A whole host of names were linked with the post, but in the end the Rams liked what they saw and opted to give Wazza his first stab at management. Early signs show that the club got the appointment spot on.

It was by no means a glamour appointment. Rooney has stepped up to the plate and injected some much needed self-belief, he’s made his side more resolute, and now momentum is building nicely.

Some of his matches to date have been extremely impressive, from wins to nil against promotion-chasing Swansea and Bournemouth to a 4-0 thumping of Bournemouth. There have of course been lows too and while his iconic status in the game means there will always be a degree of pressure and expectation on his shoulders, Rooney has already started to make his mark as a manager.

6. Brian Dutton: Walsall (35)

Another recent addition to the managerial arena is Brian Dutton, 35, who only replaced Darrell Clarke at Walsall last week on a deal through to the end of the season.

It might be his maiden post in management but it’s one that the Walsall chairman revealed he’d been prepping the young boss for. "I've been mentoring Brian Dutton for six months to one day take the place of Darrell Clarke,” said Leigh Pomlett.

“In this very office two weeks ago Stef Gamble and I did a mock interview with him to see whether he was ready or not. That's just a sensible management think to do as managers do come and go.

“We were very pleased and very impressed with him. He is a top class coach and is committed absolutely.

Dutton, who predominantly played at non-league level, has admitted that while he’s young and inexperienced, he’s determined to prove himself in his new role. Who knows, if he gets some early wins on the board he could even catapult his side into League Two play-offs contention.

7. Alex Revell: Stevenage (37)

The 2019/20 season was a shambolic one for Stevenage who finished the curtailed campaign rock-bottom with player Alex Revell at the helm; the club’s third manager of the season who weeks earlier had just come out of retirement.

In the end Stevenage’s blushes were spared as they managed to avoid the dreaded drop because of Macclesfield’s own points deduction.

Revell (37), who only managed two games last season, has had to learn on the job in difficult circumstances in the middle of global pandemic but he’s now got his troops pushing in the right direction.

“I’ve got a few more grey hairs now,” Revell said when asked about how his first year has gone. “We’ve been through it all in the last year. It’s been a steep learning curve.”

8. Carlos Corberan: Huddersfield (37)

Carlos Corberan, 37, has had quite the coaching education so far, having worked under Marcelo Bielsa at Leeds United, Unai Emery and Manuel Pellegrini at Valencia, while he’s also managed in Cyprus and coached in Saudi Arabia.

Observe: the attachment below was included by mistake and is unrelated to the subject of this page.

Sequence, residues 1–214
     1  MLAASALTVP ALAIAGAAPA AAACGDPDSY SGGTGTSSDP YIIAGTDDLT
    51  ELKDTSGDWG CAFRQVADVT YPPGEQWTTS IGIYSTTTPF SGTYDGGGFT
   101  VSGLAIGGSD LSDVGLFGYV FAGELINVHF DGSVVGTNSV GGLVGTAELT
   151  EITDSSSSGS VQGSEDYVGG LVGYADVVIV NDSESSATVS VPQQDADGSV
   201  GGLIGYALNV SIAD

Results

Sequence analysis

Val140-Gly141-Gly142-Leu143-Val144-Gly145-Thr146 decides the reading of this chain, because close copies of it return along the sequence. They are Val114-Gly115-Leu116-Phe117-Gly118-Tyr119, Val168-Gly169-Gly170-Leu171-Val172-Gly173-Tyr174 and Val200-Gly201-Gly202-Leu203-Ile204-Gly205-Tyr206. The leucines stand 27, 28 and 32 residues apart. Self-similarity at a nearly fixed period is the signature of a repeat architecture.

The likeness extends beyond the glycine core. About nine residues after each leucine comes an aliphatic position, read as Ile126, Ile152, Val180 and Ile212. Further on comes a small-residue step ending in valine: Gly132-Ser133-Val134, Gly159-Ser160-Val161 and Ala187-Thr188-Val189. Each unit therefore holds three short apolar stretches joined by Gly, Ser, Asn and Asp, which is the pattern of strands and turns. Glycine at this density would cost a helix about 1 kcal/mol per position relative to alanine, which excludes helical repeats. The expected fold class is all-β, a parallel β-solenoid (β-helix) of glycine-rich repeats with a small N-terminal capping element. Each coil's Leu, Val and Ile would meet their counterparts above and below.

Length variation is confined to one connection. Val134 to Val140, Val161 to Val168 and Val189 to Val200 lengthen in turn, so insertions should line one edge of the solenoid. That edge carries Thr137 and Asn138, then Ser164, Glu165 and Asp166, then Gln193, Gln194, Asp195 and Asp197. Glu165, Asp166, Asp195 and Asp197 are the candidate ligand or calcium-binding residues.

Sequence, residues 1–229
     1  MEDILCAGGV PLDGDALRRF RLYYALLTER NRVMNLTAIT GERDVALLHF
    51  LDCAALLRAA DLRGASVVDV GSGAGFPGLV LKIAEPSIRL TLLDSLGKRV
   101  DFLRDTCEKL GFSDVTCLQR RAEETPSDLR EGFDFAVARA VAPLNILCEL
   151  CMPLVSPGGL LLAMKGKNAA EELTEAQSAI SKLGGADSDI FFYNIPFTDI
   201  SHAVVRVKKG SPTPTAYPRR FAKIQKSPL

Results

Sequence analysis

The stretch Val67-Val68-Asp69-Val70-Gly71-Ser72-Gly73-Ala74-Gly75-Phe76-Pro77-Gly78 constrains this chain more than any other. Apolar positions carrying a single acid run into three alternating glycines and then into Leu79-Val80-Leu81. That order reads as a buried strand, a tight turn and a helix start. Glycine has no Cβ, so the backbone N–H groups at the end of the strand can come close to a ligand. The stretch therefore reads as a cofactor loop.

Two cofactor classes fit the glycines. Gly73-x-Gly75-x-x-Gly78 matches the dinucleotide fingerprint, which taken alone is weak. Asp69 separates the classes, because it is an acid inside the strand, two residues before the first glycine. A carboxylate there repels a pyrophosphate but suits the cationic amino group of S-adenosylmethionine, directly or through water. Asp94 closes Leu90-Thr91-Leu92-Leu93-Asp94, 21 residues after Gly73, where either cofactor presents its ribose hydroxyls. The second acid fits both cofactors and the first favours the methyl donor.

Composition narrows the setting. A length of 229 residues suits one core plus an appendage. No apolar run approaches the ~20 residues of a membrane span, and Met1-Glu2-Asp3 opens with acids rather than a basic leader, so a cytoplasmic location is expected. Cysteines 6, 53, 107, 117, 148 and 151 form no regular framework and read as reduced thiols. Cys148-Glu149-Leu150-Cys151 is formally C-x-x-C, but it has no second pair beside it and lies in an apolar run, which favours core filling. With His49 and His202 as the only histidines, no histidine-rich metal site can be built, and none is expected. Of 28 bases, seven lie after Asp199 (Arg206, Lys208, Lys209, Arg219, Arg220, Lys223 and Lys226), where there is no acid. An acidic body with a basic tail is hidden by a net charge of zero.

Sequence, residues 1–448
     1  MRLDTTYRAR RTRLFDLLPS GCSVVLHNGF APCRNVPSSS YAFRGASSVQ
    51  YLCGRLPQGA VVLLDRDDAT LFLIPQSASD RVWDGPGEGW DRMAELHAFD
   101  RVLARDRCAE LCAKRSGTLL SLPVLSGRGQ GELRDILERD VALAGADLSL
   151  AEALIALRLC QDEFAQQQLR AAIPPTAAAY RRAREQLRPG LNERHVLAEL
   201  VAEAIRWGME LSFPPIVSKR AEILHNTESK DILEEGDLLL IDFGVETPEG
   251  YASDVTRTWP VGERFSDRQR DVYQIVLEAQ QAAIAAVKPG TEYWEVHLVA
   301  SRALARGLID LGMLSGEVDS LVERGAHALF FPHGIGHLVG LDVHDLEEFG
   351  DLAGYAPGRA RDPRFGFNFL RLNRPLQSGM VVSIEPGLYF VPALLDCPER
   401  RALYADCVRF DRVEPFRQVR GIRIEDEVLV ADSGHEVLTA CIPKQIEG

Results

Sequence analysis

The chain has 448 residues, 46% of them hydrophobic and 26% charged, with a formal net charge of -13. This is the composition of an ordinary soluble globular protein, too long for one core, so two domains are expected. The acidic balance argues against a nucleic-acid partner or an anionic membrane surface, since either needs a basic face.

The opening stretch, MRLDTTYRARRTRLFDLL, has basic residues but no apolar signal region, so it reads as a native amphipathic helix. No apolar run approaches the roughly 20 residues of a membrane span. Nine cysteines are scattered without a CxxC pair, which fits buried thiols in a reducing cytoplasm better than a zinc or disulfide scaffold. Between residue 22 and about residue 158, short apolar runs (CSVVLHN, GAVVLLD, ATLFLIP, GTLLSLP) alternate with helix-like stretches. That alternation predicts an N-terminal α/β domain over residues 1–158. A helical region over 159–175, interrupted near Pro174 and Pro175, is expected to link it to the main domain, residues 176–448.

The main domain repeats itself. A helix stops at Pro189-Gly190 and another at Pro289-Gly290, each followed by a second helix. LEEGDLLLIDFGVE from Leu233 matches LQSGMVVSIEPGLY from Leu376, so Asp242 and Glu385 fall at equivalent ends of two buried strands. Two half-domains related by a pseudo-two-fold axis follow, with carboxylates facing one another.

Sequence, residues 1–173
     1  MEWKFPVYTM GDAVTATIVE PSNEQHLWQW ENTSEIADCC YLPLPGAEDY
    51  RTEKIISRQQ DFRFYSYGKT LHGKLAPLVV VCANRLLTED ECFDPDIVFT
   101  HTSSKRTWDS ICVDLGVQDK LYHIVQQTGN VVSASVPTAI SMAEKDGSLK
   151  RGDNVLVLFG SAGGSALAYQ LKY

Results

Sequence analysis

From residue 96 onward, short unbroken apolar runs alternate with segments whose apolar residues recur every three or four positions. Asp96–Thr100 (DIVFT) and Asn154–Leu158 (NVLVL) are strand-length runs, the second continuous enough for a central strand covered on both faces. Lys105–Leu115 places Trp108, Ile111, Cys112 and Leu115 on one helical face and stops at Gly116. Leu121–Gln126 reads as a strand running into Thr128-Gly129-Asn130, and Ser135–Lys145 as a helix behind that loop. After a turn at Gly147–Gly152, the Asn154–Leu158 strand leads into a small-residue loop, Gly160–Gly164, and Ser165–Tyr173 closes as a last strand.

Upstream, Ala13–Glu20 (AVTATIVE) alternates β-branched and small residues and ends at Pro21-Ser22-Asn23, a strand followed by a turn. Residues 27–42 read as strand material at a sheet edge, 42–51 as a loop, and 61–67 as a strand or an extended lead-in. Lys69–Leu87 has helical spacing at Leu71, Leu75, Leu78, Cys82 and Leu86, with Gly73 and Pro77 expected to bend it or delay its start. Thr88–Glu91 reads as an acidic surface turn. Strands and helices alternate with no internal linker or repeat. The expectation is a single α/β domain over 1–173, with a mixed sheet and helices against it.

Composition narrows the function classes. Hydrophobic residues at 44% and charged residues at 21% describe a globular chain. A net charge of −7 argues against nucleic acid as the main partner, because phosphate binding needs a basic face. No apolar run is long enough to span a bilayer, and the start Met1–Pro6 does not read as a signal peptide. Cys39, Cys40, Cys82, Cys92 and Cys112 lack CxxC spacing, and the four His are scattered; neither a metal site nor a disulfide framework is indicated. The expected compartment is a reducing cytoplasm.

Last summer the UEFA Pro License qualified coach made the decision to leave Bielsa’s Championship-winning side in order to go it alone at Yorkshire rivals Huddersfield, who had surprisingly parted ways with the Cowley brothers.

Results have since been mixed and consistency has been a problem, yet what is clear is the style of play the Spaniard has stamped upon the Terriers; who employ an attacking, attractive possession-based brand of football - only leaders Norwich City have seen more of the ball so far this season.

It’s not been without its problems but the new-found identity, quest for goals, and his analytical and tactical ability have certainly pleased the owners who have already handed Corberan an extended contract through to the end of the 2023/24 season.

While Corberan’s new blueprint will take time to develop, the building blocks have been put in place in what is looking like an exciting period for the club.

9. Joey Barton: Bristol Rovers (38)

Eyebrows were raised when Fleetwood Town offered Joey Barton his first opportunity in management in 2018, yet he proceeded to swat away the criticism and prove himself a highly-capable, astute and interesting young manager.

In his second season Barton propelled Fleetwood into the play-offs before the club surprisingly opted to take a new direction at the start of 2021. Seven weeks later and Barton is back in the dugout with Bristol Rovers where he’s bidding to resurrect an underperforming club and rejuvenate the fanbase.


Mikel Arteta (38) is the youngest manager in the Premier League

10. Mikel Arteta: Arsenal (38)

Finally, we go to Mikel Arteta who at 38-years-of-age is the only Premier League manager on this list.

The former Gunner was appointed as Unai Emery’s replacement in December 2019 following an impressive internship under Pep Guardiola at Man City.

Arteta has since lifted the FA Cup and Community Shield, won praise for developing a new youth-focused side, implemented his own identity, and asserted his authority when required.

On the downside, Arsenal endured a very poor start to the season (2020/21) which saw Arteta come under pressure. A top-four finish is now probably out-of-reach, they exited the FA Cup at the first hurdle, whereas the temperament of various players has been called into question.

However, while it’s not all gone to plan for Arteta so far there have been promising signs of progress and there are hopes that the Londoners can mount a push for Europa League glory.